If ontology is a study of being (reality) and epistemology is a study of knowledge, then what would be considered a study of 'doing', or 'action'? I am interested because a statement was made to me recently describing a set of dictum's not as a prescription for 'doing' but a prescription for 'being'.

  • This may contribute to a more formal answer: philpapers.org/browse/philosophy-of-action However, it would help if you could give more context. It's true that being x makes doing what x does easier; the problem is we have to do first in order to be. Like the frustrating ad for a job: only those with experience need apply! Unfortunately, the surgeon must practice on someone to get good, once he really "is" a surgeon (he's practiced on the unwitting), then the doing comes easier; does and is are wrappped tightly together in a vicious circle. – Gordon Dec 31 '17 at 21:54
  • Praxeology is the study of action. – Lukas Jan 1 '18 at 21:02
  • @Lukas. 'Praxeology' I take to be the science of human action, though of course no single science would be adequate to all the descriptive and explanatory tasks. L. von Mises uses the term - did he coin it ? - in 'Human Action', 1949. P. 32 makes some strong claims. I think praxeology extends beyond purely philosophical concerns. This is nothing against it. – Geoffrey Thomas Jan 1 '18 at 22:28
  • "a statement was made to me". A specific quote and source would give the question a context and make it easier to answer. – Mark Andrews Jan 2 '18 at 3:00
  • What is action should be first defined. For example, is a striving or a temptation already an (pending) action or not? Besides, the distinction between ontology and epistemology is not ubiquitous, it is only one tradition. Are you expecting an answer rendering specifically this tradition? – ttnphns Jan 2 '18 at 9:37

Let's start simple. There is a branch of philosophy called precisely 'the philosophy of action'. The larger branch to which this belongs is the philosophy of mind or (a less common term these days but the same thing) philosophical psychology.

Typically the philosophy of action concentrates on human action and poses such questions as : 'what makes an action intentional' ? 'How does a voluntary action differ from an involuntary action ?' 'What type of reasoning lies behind intentional action ?' 'Can we do intentionally what we believe is a wrong course of action ?' This is only a sample from a long list but the list is often defective. At this point we can delve a little deeper.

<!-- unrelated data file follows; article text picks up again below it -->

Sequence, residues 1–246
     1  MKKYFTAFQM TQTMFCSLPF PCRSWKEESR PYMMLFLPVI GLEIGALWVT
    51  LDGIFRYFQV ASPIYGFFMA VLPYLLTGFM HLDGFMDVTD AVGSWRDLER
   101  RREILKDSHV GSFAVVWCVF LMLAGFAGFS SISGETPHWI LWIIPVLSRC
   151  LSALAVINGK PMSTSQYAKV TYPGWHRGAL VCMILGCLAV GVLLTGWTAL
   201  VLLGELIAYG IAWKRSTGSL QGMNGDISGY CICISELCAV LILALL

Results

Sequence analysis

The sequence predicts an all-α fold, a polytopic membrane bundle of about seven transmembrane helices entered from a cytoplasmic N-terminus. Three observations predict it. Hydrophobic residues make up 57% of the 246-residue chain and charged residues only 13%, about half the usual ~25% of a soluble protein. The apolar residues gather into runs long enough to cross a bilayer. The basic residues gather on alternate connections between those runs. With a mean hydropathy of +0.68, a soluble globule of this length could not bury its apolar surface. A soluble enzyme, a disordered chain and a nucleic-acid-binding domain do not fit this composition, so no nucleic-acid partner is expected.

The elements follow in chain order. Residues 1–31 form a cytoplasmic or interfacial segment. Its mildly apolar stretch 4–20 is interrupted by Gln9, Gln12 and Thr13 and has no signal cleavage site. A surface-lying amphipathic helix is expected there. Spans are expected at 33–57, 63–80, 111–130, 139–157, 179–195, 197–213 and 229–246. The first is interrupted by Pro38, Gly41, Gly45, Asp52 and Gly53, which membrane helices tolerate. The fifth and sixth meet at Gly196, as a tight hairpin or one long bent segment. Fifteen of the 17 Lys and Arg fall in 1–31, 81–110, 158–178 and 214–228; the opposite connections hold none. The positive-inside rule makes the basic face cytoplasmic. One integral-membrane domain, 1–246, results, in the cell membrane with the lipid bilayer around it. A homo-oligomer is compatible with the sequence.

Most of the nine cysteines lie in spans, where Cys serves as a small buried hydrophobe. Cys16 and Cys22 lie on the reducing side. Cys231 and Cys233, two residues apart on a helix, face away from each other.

How so ? Because there is no conceptual necessity to restrict the philosophy of action to the philosophy of human action. Yet this is precisely the characteristic scope of philosophy of action. But surely a monkey or a hippopotamus can act. It may not be able to represent the world as humans do when they act intentionally from beliefs. To deny that they act and that we can conceptualise their actions seems mere dogma.

Another point is that traditionally Western philosophy has centred on human beings as knowers. What can we know ? How can we know ? This has given epistemology a priority over the philosophy of action. Our relation to the world through action, however, may be just as important, if not more so, than our relation through knowledge. What would we know if we never acted ?

  • Can you provide the source, or an argument, according to which the philolosophy of action is part of the philosophy of mind? – Lukas Jan 1 '18 at 21:04
  • @Lukas. The philosophy of mind is a miscellaneous ragbag of topics; no single thread holds them all together. But the philosophy of action is generally treated under the philosophy of mind as in S. Guttenplan : A Companion to the Philosophy of Mind, Oxford : Blackwell : topics 'action (1)', 'action (2)' and 'agency'. The philosophy of action is linked to the philosophy of mind by virtue of action's involving belief, desire and intention, and motive - all of which are philosophy of mind topics. I am not offering an unorthodox view when I include the philosophy of action in philosophy of mind. – Geoffrey Thomas Jan 1 '18 at 22:16
  • I was genuinely interested in the source, as I don't know much about PhilMind, though studied some philosophy of action. We never did any philosophy of mind there, though. Maybe I misread your branch-talk as involving more dependencies among the branches than you wanted to include. – Lukas Jan 2 '18 at 11:01
  • @Lukas. I was using 'branch' loosely. I meant only that the philosophy of action is widely taught in the UK as a part of the philosophy of mind - as coming under that broad heading. Thanks for the clarifying explanation. I don't think 'praxeology' is a term widely used in UK philosophy departments - not in any I've known anyway. I quite like the term ! Best - GT. – Geoffrey Thomas Jan 2 '18 at 12:17
  • I only know about the term praxeology through Mises, though I never read Human Action. He changed the bits about praxeology quite substantially in the process of translation from the german Nationalökonomie (at least that's what I've been hearing). I wonder whether teaching philosophy of action in PhilMind classes influences the debates in an interesting way. – Lukas Jan 2 '18 at 15:12

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